1. Although Congress cannot tell the Court how to interpret the Constitution, it should have the right to protect, by legislation, the basic liberties of U.S. citizens and to make sure the states do not encroach on these liberties.
2. Even if Congress has no authority to define substantive constitutional rights, RFRA should survive scrutiny as "remedial" to the extent it seeks to enforce the Smith case's prohibition on discrimination against religion.
3. The Court's insistence on "proportionality and congruence" between the ends and means is a novel principle of law and smacks of judicial activism.
4. The Court's statement that RFRA's "least restrictive means" requirement was not used in pre-Smith jurisprudence is simply wrong.
5. The Court's observation that RFRA's legislative record is devoid of examples of "religious bigotry . . . [or] persecution . . . in the past 40 years" ignores the fact that religious discrimination often lurks behind facially neutral laws.
6. The Court's opinion is ambiguous about whether RFRA continues to apply to the federal government, and it gives Congress almost no guidance about the scope of its Fourteenth Amendment powers.

What to Do About What Happened

Though the criticism of the Flores opinion could continue, the academic faultfinding must give way to practical solutions. The Court clearly has the right to interpret the Constitution and strike down laws that it judges to be unconstitutional.8 But religious freedom is too sacred a right to be left on the floor of the Supreme Court chambers. As Senator Edward Kennedy has said: "This decision cannot be the final word."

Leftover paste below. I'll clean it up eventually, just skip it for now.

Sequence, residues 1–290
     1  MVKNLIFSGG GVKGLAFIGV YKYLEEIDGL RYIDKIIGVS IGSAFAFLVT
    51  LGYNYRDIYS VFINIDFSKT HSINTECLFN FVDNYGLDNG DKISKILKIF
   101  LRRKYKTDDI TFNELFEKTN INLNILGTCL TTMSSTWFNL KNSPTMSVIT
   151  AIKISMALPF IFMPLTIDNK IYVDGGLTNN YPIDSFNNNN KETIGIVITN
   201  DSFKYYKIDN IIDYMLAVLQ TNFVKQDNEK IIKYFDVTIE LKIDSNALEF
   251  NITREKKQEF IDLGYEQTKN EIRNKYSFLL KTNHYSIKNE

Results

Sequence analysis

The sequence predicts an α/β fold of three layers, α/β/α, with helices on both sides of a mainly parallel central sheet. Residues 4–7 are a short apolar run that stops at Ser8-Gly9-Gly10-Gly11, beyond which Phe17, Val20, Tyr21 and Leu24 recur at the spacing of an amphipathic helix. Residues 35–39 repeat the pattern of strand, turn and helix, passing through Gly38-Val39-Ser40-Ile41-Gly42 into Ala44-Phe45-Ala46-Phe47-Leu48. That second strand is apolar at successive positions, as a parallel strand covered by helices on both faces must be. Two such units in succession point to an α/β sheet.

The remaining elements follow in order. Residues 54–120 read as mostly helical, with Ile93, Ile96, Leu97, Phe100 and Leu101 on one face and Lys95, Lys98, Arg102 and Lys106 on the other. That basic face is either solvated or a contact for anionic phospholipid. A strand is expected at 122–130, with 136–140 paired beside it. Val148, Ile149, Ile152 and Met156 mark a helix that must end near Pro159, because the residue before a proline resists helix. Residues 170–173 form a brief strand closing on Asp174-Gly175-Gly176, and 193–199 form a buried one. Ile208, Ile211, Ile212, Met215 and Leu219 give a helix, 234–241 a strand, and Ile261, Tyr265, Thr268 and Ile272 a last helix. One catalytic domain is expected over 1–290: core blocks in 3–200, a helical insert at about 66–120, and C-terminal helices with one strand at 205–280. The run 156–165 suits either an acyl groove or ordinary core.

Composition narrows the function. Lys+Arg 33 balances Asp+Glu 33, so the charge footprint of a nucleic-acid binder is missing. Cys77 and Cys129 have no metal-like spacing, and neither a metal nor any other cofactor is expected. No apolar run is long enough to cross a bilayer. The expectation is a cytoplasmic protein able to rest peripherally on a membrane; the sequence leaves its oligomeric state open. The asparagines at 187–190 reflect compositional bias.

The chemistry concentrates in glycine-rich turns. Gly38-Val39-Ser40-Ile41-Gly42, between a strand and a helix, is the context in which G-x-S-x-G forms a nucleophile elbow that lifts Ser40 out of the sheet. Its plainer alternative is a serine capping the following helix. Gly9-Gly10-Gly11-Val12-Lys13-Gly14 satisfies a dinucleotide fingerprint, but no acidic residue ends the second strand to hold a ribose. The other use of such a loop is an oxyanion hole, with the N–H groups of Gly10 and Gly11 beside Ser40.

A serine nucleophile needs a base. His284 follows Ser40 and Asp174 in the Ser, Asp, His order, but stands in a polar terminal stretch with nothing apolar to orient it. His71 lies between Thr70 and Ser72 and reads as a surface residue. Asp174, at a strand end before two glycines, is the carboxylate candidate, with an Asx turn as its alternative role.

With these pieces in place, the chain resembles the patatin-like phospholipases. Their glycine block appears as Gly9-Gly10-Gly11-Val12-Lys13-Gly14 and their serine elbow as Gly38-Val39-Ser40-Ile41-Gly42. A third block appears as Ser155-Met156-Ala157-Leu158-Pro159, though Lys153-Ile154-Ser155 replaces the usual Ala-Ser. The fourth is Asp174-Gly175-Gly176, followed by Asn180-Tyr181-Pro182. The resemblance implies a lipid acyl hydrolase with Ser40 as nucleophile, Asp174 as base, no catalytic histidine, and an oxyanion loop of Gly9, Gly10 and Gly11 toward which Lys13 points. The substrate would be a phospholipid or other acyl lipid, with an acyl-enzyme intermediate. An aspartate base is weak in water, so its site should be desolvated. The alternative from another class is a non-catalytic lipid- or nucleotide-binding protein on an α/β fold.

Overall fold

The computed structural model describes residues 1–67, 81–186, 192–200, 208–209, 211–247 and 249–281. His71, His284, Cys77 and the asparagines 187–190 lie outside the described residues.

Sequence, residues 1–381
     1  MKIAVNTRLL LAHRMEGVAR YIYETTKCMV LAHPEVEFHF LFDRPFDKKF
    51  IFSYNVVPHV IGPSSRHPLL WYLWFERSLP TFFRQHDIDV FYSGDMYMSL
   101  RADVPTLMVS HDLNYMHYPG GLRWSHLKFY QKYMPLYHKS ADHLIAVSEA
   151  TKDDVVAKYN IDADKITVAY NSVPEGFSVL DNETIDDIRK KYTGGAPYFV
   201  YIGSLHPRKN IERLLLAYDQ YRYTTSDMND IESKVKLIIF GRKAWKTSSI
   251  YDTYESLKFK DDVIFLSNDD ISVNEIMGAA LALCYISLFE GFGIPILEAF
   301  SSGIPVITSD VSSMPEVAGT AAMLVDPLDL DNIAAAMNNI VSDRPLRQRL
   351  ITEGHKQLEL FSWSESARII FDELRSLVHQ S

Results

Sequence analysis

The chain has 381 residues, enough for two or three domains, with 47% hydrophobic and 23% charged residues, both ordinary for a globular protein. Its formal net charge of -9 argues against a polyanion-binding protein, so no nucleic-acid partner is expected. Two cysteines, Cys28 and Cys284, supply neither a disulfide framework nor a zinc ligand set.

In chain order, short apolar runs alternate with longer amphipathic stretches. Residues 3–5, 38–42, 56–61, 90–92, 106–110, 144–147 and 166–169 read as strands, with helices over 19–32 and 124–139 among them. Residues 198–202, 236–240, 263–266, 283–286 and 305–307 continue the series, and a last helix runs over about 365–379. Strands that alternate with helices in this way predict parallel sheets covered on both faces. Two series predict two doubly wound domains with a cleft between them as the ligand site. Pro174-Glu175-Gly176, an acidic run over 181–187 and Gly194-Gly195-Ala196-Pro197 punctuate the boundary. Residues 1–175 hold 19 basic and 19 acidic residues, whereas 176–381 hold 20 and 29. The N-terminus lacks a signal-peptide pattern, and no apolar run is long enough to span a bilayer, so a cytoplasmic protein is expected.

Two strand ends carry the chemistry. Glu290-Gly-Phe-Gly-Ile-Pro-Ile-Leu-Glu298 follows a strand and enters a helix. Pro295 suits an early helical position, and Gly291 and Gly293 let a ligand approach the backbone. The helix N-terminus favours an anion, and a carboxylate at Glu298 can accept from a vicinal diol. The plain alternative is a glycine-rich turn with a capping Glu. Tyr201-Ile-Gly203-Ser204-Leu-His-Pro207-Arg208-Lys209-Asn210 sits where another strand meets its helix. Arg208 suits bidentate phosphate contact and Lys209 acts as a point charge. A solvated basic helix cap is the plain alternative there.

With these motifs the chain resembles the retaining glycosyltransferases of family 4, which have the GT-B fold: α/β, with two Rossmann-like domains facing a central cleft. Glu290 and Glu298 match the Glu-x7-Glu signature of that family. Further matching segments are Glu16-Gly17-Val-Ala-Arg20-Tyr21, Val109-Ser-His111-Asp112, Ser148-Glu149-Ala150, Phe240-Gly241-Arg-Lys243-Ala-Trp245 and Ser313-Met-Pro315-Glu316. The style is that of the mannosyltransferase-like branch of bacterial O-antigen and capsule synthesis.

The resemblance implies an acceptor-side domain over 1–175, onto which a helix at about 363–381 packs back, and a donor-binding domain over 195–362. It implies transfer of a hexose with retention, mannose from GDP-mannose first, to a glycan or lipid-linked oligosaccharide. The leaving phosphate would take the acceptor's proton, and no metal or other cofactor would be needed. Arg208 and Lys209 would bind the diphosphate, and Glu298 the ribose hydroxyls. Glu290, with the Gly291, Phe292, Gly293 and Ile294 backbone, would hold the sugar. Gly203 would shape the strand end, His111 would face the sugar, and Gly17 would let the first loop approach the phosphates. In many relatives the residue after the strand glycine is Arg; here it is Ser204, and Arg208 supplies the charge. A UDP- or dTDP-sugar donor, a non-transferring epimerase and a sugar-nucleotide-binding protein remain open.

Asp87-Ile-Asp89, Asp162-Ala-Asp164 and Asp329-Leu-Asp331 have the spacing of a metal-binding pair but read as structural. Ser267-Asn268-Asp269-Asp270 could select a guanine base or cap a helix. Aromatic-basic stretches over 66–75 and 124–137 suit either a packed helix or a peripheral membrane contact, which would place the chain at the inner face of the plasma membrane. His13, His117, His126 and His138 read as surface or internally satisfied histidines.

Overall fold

Here are some suggestions on how we can protect religious freedom while respecting (although disagreeing with) the Court's decision. Indeed, the Coalition for the Free Exercise of Religion has decided to urge these steps to that end.

First, Congress should adopt immediately a joint resolution stating its conviction that religious liberty is not a "luxury," but a fundamental right, and resolving to find ways to protect religious liberty beyond that afforded in Smith. The Flores decision can be read to say that RFRA still applies to the federal government even though it has been struck down vis-
Article Author: J. Brent Walker